Amoeba Risk Permanently Closes Palm Bay Lake

PALM BAY, Florida –The City of Palm Bay announced that the lake at Veteran’s Memorial Park located at 2200 Port Malabar Boulevard NE is permanently closed to swimming due to continued risk of primary amoebic meningoencephalitis to park patrons. 
The lake had been temporarily closed since last August.  However, the decision was made for permanent closure due to the ongoing risk the warm water pond presents to swimmers.  
Primary amoebic meningoencephalitis is caused by the Nagleria amoeba entering the body through the nose and ultimately destroying brain tissue.  The amoeba thrives in untreated warm water ponds and lakes such as the one located at Veteran’s Memorial Park.  “Simply stated, it is not worth the risk to swim in a warm water pond such as Vet’s Park pond,” said City Manager Sue Hann.  
In the coming days, city staff will remove all lifeguard towers and swimming ropes in the pond.  Additional signage will be posted stating no swimming is allowed.
 
The amoeba thrives in the upper layer of sediment in the bottom of lakes and ponds with mud floors.  The Brevard County Health Department advises symptoms of infection include headache, fever, nausea and vomiting, stiff neck, confusion, lack of attention to people and surroundings, loss of balance and bodily control, seizures and hallucinations.  The public is urged to contact a medical professional immediately if experiencing any of these symptoms.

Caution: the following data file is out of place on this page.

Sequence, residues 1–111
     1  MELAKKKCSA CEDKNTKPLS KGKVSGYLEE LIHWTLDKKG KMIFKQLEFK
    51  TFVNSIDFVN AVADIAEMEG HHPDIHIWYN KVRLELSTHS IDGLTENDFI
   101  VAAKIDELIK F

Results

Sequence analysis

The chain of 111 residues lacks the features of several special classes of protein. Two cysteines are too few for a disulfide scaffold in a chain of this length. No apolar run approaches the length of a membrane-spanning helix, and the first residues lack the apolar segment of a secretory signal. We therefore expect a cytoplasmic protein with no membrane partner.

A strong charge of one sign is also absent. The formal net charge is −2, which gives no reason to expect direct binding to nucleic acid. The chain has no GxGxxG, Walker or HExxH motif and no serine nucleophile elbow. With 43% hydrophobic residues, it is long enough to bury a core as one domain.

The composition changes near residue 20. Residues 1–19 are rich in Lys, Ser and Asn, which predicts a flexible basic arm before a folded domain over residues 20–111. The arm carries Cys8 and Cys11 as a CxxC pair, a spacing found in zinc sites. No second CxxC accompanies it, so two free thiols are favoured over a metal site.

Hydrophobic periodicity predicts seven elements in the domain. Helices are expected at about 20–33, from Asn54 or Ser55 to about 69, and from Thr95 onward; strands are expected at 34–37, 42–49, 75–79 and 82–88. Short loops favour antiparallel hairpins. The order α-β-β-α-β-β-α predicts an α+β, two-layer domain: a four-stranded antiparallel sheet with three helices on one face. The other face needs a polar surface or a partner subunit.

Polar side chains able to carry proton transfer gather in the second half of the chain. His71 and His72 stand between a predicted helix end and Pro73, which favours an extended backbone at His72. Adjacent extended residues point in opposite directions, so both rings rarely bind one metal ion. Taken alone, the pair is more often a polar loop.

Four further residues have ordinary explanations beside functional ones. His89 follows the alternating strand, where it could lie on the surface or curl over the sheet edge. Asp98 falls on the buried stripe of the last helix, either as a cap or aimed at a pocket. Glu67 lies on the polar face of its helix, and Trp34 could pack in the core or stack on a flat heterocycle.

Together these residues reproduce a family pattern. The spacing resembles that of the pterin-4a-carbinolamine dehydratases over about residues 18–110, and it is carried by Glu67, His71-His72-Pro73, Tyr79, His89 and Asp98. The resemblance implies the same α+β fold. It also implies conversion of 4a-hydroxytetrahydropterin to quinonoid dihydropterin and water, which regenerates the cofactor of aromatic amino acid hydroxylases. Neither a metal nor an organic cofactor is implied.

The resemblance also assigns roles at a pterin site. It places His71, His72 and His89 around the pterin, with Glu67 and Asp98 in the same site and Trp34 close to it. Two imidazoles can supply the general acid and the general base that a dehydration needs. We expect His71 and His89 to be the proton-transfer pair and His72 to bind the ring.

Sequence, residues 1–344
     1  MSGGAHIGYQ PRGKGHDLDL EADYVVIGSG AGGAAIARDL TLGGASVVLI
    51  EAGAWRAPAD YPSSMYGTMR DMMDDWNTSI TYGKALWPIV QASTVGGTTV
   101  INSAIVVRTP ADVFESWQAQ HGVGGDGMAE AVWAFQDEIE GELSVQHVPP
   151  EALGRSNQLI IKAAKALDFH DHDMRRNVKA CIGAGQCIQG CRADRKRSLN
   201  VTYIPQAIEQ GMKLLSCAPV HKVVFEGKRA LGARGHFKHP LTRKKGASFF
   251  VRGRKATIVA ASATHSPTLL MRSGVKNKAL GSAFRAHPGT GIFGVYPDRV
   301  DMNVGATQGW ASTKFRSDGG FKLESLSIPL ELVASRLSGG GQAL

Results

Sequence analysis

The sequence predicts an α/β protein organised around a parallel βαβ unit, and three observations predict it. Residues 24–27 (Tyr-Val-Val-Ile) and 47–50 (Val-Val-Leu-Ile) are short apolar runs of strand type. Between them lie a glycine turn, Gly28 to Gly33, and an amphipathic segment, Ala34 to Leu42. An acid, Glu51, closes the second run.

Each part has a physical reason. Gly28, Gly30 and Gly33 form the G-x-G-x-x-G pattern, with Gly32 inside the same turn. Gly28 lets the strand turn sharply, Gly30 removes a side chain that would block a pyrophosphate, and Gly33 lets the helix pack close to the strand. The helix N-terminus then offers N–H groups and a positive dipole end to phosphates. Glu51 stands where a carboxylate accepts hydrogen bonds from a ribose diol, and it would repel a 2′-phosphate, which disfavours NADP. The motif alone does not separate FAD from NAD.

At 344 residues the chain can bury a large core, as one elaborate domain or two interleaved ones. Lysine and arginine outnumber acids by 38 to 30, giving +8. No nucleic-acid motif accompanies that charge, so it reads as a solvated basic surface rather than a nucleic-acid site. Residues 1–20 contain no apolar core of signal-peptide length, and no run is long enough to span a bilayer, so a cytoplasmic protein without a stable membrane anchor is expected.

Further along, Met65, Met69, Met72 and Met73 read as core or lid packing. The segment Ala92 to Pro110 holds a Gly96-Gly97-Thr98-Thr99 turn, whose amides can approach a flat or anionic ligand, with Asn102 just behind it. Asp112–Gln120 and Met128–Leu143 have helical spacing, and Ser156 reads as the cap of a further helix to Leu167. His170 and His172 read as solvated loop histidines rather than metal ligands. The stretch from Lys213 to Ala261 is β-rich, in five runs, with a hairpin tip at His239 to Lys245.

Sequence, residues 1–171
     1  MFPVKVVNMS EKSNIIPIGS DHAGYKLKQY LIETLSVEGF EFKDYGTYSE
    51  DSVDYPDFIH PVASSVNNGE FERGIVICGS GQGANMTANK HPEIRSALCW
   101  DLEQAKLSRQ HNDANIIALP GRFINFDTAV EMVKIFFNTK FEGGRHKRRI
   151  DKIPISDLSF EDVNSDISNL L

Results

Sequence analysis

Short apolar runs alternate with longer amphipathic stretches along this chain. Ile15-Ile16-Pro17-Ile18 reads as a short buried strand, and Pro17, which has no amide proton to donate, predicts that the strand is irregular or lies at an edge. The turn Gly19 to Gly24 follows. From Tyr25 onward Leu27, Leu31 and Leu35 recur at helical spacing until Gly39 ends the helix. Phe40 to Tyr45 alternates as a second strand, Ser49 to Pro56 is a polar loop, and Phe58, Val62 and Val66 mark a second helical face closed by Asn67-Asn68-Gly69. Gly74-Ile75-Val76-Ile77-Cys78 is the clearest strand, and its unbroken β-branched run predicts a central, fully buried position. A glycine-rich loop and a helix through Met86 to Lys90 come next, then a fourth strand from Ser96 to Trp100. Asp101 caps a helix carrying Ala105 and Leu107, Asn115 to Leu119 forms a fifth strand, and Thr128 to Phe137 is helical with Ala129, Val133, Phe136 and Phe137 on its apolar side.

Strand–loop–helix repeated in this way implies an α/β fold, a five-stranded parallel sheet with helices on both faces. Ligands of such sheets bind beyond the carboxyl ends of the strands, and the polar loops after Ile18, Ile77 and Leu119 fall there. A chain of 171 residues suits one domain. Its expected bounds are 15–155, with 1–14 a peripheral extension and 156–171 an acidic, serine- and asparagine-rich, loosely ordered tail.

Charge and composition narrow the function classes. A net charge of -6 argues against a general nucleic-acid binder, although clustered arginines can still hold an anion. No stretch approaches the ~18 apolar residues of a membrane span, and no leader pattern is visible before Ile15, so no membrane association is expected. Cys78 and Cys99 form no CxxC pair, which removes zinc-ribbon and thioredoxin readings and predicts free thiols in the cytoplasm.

The Brevard County Health Department also reports the threat of infection, although rare, increases during the summer months when the water temperature rises.  The amoeba invades the brain and the disease progresses rapidly and usually results in death within 3 to 7 days. Prevention is key and the public is advised to avoid warm water ponds, lakes, rivers and non chlorinated swimming pools.  For more information visit the Brevard County Health Department’s website www.doh.state.fl.us/chdbrevard or contact the Brevard County Health Department at 321-454-7101 or the Palm Bay Parks and Recreation Department at 321-953-8912.